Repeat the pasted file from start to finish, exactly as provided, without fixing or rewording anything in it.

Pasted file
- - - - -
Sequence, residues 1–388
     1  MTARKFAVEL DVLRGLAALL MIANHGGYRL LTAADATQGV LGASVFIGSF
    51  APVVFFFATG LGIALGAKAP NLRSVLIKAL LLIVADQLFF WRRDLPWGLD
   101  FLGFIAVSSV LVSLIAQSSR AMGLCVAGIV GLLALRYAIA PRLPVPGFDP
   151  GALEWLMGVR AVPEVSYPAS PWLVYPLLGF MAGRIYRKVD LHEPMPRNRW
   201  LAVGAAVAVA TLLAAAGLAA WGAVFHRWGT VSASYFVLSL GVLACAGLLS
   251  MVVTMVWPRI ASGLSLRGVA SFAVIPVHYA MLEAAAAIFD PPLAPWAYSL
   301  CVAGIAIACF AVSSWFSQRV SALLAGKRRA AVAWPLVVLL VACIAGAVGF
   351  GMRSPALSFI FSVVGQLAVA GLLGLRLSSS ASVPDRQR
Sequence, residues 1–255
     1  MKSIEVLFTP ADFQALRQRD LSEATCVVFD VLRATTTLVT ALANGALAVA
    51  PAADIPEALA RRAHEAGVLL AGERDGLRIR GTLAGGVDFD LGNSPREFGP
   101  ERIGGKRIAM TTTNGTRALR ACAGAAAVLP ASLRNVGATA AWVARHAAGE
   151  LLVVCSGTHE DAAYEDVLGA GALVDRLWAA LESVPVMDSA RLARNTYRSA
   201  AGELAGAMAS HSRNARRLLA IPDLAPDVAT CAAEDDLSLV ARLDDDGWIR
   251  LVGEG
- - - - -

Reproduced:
Sequence, residues 1–388
     1  MTARKFAVEL DVLRGLAALL MIANHGGYRL LTAADATQGV LGASVFIGSF
    51  APVVFFFATG LGIALGAKAP NLRSVLIKAL LLIVADQLFF WRRDLPWGLD
   101  FLGFIAVSSV LVSLIAQSSR AMGLCVAGIV GLLALRYAIA PRLPVPGFDP
   151  GALEWLMGVR AVPEVSYPAS PWLVYPLLGF MAGRIYRKVD LHEPMPRNRW
   201  LAVGAAVAVA TLLAAAGLAA WGAVFHRWGT VSASYFVLSL GVLACAGLLS
   251  MVVTMVWPRI ASGLSLRGVA SFAVIPVHYA MLEAAAAIFD PPLAPWAYSL
   301  CVAGIAIACF AVSSWFSQRV SALLAGKRRA AVAWPLVVLL VACIAGAVGF
   351  GMRSPALSFI FSVVGQLAVA GLLGLRLSSS ASVPDRQR
Sequence, residues 1–255
     1  MKSIEVLFTP ADFQALRQRD LSEATCVVFD VLRATTTLVT ALANGALAVA
    51  PAADIPEALA RRAHEAGVLL AGERDGLRIR GTLAGGVDFD LGNSPREFGP
   101  ERIGGKRIAM TTTNGTRALR ACAGAAAVLP ASLRNVGATA AWVARHAAGE
   151  LLVVCSGTHE DAAYEDVLGA GALVDRLWAA LESVPVMDSA RLARNTYRSA
   201  AGELAGAMAS HSRNARRLLA IPDLAPDVAT CAAEDDLSLV ARLDDDGWIR
   251  LVGEG